September is National Preparedness Month. In this edition, we will look at things to prepare for during a Power Outage.
- Take an inventory now of the items you need that rely on electricity. Make backup plans, including relocation plans, if you have medical equipment or assistive technology devices that are dependent on power for life-sustaining purposes.
- Plan for batteries and other alternatives to meet your needs when the power goes out.
- Install battery-powered smoke detectors and carbon monoxide detectors in central locations on every floor of your home and outside of bedrooms. Electric detectors with battery backup are also acceptable.
- Keep mobile phones and any battery-powered devices charged, and make sure you have backup charging methods such as a car charger.
- Keep your car’s gas tank full. If you use your car to charge devices, do not leave the car running in a garage, partly closed space, or near a home to avoid carbon monoxide poisoning.
- During a power outage, only use flashlights for lighting. Avoid using candles, as they could be a fire hazard.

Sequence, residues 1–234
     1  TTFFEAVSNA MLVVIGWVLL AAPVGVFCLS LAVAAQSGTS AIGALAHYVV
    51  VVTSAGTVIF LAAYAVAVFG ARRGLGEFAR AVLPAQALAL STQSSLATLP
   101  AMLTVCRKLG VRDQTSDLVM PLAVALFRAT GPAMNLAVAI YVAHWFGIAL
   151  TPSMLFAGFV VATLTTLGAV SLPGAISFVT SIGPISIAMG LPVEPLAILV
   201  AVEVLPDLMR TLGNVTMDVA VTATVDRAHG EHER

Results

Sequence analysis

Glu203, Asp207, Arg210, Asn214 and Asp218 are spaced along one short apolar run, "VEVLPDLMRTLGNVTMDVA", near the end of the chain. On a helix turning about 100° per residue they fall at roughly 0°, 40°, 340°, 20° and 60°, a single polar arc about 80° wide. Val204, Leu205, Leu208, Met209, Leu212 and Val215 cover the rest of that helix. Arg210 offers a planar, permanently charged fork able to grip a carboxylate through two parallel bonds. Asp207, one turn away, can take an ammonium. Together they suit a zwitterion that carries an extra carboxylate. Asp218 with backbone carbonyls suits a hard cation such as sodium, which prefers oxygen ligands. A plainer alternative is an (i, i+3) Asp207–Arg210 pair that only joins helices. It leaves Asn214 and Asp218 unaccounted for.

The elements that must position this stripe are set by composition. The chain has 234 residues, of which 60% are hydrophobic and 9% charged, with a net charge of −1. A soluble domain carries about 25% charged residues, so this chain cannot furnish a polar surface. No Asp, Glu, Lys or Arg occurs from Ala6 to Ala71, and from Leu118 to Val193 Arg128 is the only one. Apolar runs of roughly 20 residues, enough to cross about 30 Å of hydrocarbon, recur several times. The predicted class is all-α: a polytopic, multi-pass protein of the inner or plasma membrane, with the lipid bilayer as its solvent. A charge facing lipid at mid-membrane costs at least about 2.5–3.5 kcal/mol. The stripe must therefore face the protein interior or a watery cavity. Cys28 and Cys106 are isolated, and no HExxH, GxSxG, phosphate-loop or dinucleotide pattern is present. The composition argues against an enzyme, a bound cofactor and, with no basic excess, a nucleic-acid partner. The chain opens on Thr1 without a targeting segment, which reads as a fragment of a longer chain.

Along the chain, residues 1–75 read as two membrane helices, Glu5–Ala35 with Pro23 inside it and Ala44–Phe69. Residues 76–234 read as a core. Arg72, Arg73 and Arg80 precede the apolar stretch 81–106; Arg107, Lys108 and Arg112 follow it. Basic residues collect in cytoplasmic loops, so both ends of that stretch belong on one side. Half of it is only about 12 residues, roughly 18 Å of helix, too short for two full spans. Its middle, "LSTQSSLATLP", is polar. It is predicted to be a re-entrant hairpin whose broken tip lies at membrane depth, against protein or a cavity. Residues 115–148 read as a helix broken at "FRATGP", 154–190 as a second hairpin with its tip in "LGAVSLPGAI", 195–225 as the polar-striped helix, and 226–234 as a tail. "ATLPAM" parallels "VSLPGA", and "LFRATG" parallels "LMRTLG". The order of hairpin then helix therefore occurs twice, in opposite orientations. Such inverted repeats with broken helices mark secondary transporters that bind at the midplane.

- Review your household power outage supplies. Ensure you have at least one flashlight with extra batteries per household member and a ready supply of nonperishable food and water.
- Turn off or disconnect appliances and other equipment to protect them from quick power surges. Whenever possible, use surge protectors.
- Avoid carbon monoxide poisoning. Generators, camp stoves, or charcoal grills should always be used outdoors and at least 20 feet away from windows. Never use a gas stovetop or oven to heat your home. Follow manufacturer instructions.
- Check on your neighbors. Older adults and young children are especially vulnerable to extreme temperatures.
- Keep perishable food cold to avoid illness. Keep a thermometer in your refrigerator and freezer to monitor the temperature. When in doubt, throw it out! Throw away any food that has been exposed to temperatures 40 degrees or higher for two hours or more or that has an unusual odor, color, or texture.
- If the power is out for more than a day, discard any medication that should be refrigerated unless the drug’s label says otherwise.
Information supplied by the U.S. Department of Homeland Security and Ready.gov